Diotima of Mantinea

From Infogalactic: the planetary knowledge core
Jump to: navigation, search
Jadwiga Łuszczewska, who used the pen name Diotima, posing as the ancient seer in a painting by Józef Simmler, 1855

Diotima of Mantinea (/ˌdəˈtmə/; Greek: Διοτίμα; Latin: Diotīma) is a female philosopher[1] and priestess who plays an important role in Plato's Symposium. Her ideas are the origin of the concept of Platonic love. Since the only source concerning her is Plato, it is uncertain whether she was a real historical personage or merely a fictional creation; however, nearly all of the characters named in Plato's dialogues have been found to correspond to real people living in ancient Athens.[2]

Role in Symposium

In Plato's Symposium the members of a party discuss the meaning of love. Socrates says that in his youth he was taught "the philosophy of love" by Diotima, who was a seer or priestess. Socrates also claims that Diotima successfully postponed the Plague of Athens.

In a dialogue that Socrates recounts at the symposium, Diotima gives Socrates a genealogy of Love (Eros), stating that he is the son of "resource and need." In her view, love is a means of ascent to contemplation of the Divine. For Diotima, the most correct use of love of other human beings is to direct one's mind to love of Divinity.[3] With genuine Platonic love, the beautiful or lovely other person inspires the mind and the soul and directs one's attention to spiritual things. One proceeds from recognition of another's beauty, to appreciation of Beauty as it exists apart from any individual, to consideration of Divinity, the source of Beauty, to love of Divinity.

Identity of Diotima

The name Diotima means "honoured by Zeus". Her home of Mantinea was an ancient Greek city on the Peloponnese and the site of the largest battle of the Peloponnesian War.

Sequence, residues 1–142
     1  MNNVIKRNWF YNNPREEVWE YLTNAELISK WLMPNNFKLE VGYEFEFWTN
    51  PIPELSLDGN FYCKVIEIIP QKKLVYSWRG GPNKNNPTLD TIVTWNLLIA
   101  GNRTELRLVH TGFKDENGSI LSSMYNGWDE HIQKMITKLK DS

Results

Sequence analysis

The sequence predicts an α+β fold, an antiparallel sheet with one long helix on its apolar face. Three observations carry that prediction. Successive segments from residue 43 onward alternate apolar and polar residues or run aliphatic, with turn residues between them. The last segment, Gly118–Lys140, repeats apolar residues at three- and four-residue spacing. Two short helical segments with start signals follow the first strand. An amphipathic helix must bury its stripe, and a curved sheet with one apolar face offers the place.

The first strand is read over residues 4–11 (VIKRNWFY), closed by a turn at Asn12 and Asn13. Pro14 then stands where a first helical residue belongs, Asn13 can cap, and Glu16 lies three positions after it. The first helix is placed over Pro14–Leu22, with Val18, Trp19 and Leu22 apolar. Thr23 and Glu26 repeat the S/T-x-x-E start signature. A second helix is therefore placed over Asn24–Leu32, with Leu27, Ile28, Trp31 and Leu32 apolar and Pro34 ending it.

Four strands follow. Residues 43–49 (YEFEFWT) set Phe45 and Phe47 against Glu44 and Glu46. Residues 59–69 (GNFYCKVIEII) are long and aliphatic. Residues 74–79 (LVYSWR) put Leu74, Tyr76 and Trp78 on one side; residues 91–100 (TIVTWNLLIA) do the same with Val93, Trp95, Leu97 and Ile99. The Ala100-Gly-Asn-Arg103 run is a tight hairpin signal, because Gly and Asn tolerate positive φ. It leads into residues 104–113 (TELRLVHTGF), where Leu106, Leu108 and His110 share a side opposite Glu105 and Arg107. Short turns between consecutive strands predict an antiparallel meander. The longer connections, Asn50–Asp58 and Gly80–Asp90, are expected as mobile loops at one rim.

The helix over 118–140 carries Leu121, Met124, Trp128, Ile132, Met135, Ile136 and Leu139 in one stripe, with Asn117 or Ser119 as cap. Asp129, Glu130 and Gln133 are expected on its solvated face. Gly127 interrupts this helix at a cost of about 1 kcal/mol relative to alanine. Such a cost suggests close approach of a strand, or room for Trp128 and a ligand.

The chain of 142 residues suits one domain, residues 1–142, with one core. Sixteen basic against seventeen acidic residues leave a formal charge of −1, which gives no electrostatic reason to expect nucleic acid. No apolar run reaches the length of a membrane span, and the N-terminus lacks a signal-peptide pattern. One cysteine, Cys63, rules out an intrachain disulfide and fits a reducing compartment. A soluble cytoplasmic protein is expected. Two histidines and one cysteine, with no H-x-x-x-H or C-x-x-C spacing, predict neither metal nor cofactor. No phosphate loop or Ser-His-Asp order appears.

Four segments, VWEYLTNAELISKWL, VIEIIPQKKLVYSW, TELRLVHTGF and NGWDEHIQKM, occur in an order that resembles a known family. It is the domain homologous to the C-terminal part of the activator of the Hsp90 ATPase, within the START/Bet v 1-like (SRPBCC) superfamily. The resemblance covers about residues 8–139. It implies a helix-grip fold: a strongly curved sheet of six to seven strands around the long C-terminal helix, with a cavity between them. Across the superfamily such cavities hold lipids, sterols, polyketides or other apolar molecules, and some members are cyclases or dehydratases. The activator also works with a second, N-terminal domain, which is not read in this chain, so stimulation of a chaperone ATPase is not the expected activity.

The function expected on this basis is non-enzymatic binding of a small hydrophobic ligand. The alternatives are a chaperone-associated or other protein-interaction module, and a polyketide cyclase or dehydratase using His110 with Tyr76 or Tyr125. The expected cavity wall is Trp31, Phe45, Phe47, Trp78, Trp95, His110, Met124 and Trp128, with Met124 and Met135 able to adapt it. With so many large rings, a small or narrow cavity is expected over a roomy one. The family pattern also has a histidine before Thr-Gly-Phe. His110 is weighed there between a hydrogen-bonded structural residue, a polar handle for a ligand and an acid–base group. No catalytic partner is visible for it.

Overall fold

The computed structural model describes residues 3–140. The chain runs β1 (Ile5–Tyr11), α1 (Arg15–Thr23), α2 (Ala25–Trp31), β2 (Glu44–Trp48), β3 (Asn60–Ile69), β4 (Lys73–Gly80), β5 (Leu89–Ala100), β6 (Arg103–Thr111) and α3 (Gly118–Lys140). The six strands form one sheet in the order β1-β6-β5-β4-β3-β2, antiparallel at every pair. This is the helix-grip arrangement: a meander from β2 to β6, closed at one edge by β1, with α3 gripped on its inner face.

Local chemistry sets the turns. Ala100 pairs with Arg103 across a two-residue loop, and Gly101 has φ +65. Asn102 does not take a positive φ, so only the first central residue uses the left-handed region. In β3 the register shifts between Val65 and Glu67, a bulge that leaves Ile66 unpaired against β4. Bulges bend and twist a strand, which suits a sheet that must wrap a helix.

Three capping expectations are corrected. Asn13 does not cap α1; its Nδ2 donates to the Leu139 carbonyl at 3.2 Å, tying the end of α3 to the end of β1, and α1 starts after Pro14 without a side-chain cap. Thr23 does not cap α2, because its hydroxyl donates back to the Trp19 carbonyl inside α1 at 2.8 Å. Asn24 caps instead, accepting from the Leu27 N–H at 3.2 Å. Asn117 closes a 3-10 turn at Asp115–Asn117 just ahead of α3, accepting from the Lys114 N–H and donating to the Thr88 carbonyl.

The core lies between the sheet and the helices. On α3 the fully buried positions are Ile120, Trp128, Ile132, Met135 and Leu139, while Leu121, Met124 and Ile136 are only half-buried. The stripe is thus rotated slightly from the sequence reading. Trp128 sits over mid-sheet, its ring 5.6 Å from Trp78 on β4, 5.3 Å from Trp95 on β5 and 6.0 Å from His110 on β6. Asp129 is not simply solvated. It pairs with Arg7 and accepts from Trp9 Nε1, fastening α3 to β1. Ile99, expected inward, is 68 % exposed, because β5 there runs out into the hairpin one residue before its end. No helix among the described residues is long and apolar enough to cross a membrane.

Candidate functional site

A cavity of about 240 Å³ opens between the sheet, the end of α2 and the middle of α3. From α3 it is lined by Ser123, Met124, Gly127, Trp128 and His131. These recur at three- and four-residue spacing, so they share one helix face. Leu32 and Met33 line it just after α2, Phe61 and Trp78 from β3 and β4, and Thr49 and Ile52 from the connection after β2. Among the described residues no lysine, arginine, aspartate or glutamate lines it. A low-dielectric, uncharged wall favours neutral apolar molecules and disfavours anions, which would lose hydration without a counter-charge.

Plato was thought by most 19th and early 20th century scholars to have based Diotima on Aspasia, the mistress of Pericles, so impressed was he by her intelligence and wit. The identity of Diotima is far from resolved, however. Aspasia appears under her own name in Plato's dialogue Menexenus, and some scholars have convincingly argued that Plato did not use false names: therefore, Diotima could be a historical figure.[4]

Influence and use of name

Her name has often been used as a moniker for philosophical or artistic projects, journals, essays, etc.:

See also


  1. Mary Ellen Waithe. "A History of Women Philosophers: Volume I: Ancient Women Philosophers, 600 BC–500 AD". Retrieved November 17, 2012.<templatestyles src="Module:Citation/CS1/styles.css"></templatestyles>
  2. Ruby Blondell The Play of Character in Plato's Dialogues, Cambridge University Press, 2002, p.31
  3. Plato, Symposium, 210a–212b
  4. Wider, Kathleen. "Women philosophers in the Ancient Greek World: Donning the Mantle". Hypatia vol 1 no 1 Spring 1986. Part of her argument focuses on the point that all scholars who argued "for" a fictitious Diotima were male, and most used as a starting point Smith's uncertainty of her actual existence (Smith, Dictionary of Greek and Roman Biography and Mythology, 1870).


  • Navia, Luis E., Socrates, the man and his philosophy, pp. 30, 171. University Press of America ISBN 0-8191-4854-7.